scripture_beta_82012.jar -task <your task> <task parameters> 

If you do not specify the task, scripture executes transcript reconstruction, its default transcript reconstruction task. For a list of tasks, invoke scripture without parameters: java -Xmx2000m -jar <path_to_scripture>/scripture_beta_82012.jar.
To reconstruct transcripts de-novo, locate the scripture_alpha2.jar file and invoke (in one line):

scripture_beta_82012.jar -out tophat.t0/t0.scripture.bed \
-alignment tophat.t0/t0.bam  -chrSequence genome.reconstruction/chr1.fa -trim 0.25

And similarly for the 4 hour sample. You can directly view the resulting scripture.t0.bed file in the IGV browser.To generate a gtf file from scripture run:

cd tophat.t0
scripture_beta_82012.jar -task toGFF -cufflinks -in t0.scripture.bed -source SCRIPTURE -out scripture.t0.gtf -prefix t0

Modify the above scripture command for the t4 data as well (run in the tophat.t0 directory). You should now have a gtf file for each of the conditions.

Exercise 5: Transcript reconstruction using cufflinks

To run Cufflinks for transcript reconstruction on the same libraries, invoke the command that takes into account that our library is strand specific. First, create an output directory, and then run Cufflinks:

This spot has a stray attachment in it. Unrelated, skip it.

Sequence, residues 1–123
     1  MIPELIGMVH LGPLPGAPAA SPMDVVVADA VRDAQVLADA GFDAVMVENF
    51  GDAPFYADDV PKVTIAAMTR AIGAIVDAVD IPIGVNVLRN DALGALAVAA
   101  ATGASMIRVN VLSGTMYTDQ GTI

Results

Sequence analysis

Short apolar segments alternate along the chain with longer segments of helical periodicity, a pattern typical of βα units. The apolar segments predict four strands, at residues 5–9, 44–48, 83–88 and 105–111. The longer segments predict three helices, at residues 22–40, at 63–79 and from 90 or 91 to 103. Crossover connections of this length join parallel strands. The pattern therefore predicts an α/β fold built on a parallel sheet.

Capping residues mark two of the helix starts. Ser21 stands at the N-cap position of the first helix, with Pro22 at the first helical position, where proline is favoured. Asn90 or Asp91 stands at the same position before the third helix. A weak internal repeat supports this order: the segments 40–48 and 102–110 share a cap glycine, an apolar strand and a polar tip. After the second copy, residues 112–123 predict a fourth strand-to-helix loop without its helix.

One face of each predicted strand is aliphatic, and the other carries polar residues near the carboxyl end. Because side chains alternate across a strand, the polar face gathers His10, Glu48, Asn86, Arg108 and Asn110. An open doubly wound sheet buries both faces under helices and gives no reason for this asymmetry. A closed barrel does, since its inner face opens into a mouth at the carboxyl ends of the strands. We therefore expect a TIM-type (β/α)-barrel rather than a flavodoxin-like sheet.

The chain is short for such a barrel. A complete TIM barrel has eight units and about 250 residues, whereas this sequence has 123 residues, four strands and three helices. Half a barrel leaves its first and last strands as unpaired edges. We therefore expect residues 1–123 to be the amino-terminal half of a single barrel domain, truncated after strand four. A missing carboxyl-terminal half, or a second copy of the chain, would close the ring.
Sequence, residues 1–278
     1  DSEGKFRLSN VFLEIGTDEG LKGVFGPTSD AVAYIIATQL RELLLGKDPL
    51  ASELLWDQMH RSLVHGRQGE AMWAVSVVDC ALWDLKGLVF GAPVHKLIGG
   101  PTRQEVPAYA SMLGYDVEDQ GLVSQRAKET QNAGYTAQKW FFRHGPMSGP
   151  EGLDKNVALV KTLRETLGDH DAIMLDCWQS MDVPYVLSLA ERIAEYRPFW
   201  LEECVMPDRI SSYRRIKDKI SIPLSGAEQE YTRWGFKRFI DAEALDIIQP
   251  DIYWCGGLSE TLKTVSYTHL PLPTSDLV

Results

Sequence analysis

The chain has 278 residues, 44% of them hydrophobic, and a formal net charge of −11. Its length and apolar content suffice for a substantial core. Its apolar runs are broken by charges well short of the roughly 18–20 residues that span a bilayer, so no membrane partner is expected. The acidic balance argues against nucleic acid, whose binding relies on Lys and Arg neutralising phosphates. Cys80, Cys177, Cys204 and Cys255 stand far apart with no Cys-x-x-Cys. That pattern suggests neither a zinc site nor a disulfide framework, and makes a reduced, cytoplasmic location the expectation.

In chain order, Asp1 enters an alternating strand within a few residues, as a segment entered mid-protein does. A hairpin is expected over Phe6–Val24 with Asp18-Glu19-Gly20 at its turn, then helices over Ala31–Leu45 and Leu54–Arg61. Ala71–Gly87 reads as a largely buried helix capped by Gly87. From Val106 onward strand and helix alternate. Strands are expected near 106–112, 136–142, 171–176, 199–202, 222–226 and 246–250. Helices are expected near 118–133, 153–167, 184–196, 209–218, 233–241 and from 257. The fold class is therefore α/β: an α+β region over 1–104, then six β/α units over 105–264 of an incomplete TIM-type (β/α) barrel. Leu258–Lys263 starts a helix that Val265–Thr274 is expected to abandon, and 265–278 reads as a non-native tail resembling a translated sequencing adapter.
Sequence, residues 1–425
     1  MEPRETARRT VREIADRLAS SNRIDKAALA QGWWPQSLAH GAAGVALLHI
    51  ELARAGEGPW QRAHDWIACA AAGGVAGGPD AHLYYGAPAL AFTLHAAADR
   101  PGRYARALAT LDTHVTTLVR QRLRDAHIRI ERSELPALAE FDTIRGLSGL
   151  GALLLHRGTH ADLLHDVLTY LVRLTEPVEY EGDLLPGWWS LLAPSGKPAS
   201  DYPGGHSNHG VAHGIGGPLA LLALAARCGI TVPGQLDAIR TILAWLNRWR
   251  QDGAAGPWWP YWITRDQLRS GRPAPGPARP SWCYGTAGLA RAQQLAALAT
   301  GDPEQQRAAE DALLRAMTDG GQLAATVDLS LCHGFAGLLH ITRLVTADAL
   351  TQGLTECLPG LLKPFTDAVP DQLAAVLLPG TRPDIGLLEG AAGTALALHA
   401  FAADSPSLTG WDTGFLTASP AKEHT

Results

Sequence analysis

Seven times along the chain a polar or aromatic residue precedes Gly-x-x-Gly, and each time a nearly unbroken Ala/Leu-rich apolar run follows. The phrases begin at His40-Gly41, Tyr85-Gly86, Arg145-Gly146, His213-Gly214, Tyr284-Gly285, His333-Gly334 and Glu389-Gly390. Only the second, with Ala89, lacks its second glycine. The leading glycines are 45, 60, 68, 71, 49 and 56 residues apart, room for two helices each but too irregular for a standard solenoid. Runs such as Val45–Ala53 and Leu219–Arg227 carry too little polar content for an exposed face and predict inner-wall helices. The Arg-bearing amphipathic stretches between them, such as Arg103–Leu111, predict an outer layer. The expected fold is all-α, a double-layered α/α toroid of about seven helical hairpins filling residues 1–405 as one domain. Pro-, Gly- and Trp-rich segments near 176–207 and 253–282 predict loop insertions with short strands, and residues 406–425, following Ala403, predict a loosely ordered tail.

mkdir cufflinks.t0
cufflinks tophat.t0/t0.bam --library-type fr-firststrand -o cufflinks.t0/ -m 290

The resulting transcripts cufflinks.t0/transcripts.gtf can be viewed and compared with those from Scripture in the IGV browser generatied in exercise 4. An interesting difference is the Cnm4 region, where a duplication makes for an interesting (if likely artificial) transcript. To look at this region, load cufflinks.t0/transcripts.gtf and scripture.t0.gtf into the IGV browser and navigate to the Cnm4 gene. Scripture will try to report most of the isoforms that are supported by the data; many will be spurious. One way to filter out spurious transcripts is by finding those that account for a small fraction of the expressed mRNAs. Cufflinks’ read assignment strategy can be used to find isoforms that are either artifacts or expressed at uninteresting levels.


Exercise 6: Analysis of the reconstruction with Cufflinks

Creating a single reconstruction set using cuffmerge

The cuffmerge utility is designed to create a single transcript data set from multiple reconstructions. In this step we use this utility to merge our time point reconstructions into a single set:
To do this please first go to ~/workshop_data/transcriptomics directory.

cd ~/workshop_data/transcriptomics

The input to cuffmerge is a file listing all the different reconstructions to merge. To create it, use your favorite text editor (e.g. vi or emacs) and type in the two scripture reconstruction .gtf files we previously obtained.
The file should contain the following two lines. Save it with the name cuffmerge.input.txt:



Then run cuffmerge:

cuffmerge cuffmerge.input.txt


Cuffmerge will output its merged reconstruction to a merged_asm/merged.gtf file, which we will use throughout this section.

Note: Load the merged_asm/merged.gtf to your IGV session to visualize results pertaining to this transcript set. Make sure you also have loaded the alignment data (bam and tdf files) in your session so you can visualize the results we obtain in the next steps.